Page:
Welcome to the nineteenth edition and first Claim Solutions' Newsletter for 2006. This year we will continue to bring you news, events and claim scenarios from across the country. Some are generated by the extreme weather conditions. Wind, hail and lightning storms and even cyclones have been common in recent months. Other claims have been the result of fires, molotov cocktails, explosions, gas and chemical leaks, vehicle collisions, burglaries and the like. Of concern is the number of losses due to vandalism.
A list of some of the recent events is on page 4 of this newsletter and a more comprehensive list is on our web-site.
If you have any specific claim issues you would like us to address please do not hesitate to contact us. We enjoy bringing this newsletter to you and hope you enjoy reading it.
Imagine receiving a Notice To Evacuate your home or business because a dam some 4 kilometres away containing 6,000 megalitres of water was leaking and may burst. No, this is not Holland. It happened in the small town of Tunbridge (population 100) located in the Midlands Region of Tasmania.
Construction of the $2m dam had recently been completed. It was built on the Blackman River between Launceston and Hobart and was designed for irrigation purposes. News reports indicate the dam was financed by local farmers.
On Thursday 13 th October 2005 significant seepage was observed from cracks in the earth dam 6 to 10m below crest level. This was some 2 to 6m below the reservoir level. The seepage increased by some 30 times the initial flow within 24 hours.
On Friday 14 th October 2005 the police issued evacuation notices to the residents of Tunbridge. Some 60 residents chose to remain while the balance were accommodated in an evacuation centre in the nearby town of Oatlands.
An emergency spillway was constructed and storage levels were reduced to 50% capacity. This reduced the seepage and fortunately property at Tunbridge remained unharmed.
If the outcome had been different and commercial property was destroyed would it be covered by insurance?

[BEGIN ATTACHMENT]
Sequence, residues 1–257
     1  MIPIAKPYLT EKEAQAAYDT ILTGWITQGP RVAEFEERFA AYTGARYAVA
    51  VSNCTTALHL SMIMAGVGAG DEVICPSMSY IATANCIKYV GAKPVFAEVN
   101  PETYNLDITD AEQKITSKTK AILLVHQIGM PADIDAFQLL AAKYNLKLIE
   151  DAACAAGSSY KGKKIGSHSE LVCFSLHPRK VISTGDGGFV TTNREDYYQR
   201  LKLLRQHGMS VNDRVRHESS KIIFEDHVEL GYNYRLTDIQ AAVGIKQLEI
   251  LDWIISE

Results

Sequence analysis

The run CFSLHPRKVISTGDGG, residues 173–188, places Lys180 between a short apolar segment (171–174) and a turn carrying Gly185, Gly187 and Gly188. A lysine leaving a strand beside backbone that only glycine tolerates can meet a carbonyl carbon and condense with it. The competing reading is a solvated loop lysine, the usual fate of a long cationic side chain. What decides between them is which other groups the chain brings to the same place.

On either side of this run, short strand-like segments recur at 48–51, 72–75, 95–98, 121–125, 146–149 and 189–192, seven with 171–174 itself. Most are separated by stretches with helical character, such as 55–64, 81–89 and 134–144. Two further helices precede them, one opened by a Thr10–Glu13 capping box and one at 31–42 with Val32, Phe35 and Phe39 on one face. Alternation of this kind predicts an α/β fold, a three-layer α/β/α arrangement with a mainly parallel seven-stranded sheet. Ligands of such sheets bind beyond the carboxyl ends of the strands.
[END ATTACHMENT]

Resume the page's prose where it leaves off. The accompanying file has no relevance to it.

The Mark IV Industrial Special Risks policy contains a number of exclusions. Perils exclusion 2 removes cover for “physical loss, destruction or damage occasioned by or happening through flood, which shall mean the inundation of normally dry land by water overflowing from ….. any…..dam…..”
Thank goodness the residents of Tunbridge remained high and dry.
Over the past 18 editions of the Claim Solutions Newsletter we have commented on many aspects of the Mark IV Industrial Special Risks policy which remains the industry standard for the commercial property insurance market.
The Operative Clause of Section 1 of the policy begins with the words “In the event of physical loss, destruction or damage…..” and it is time to consider what they mean. If there is no physical loss, destruction or damage there may be no claim.
In most instances the evidence of physical loss, destruction, or damage is obvious. The charred remains from a fire, the collapsed ceilings from a storm, the soggy carpets from a flood are clear examples of physical damage.
But what of the chemical processing plant that produces various chemicals in batches. The plant must be thoroughly flushed via an automated cleaning system so that each batch of chemicals is not contaminated with the compounds from the previous batch. The cleaning system fails. The failure is not detected before the subsequent chemical batch is produced. The subsequent batch of product appears to be intact but simply cannot be released as the risks of some contamination, no matter how small, is too great. Has there been “physical loss, destruction or damage”?
A technical report will be necessary but if the structure of the property has been changed in any way it may be possible to argue it has been physically damaged.
A similar example of less tangible physical damage is the impact of smoke.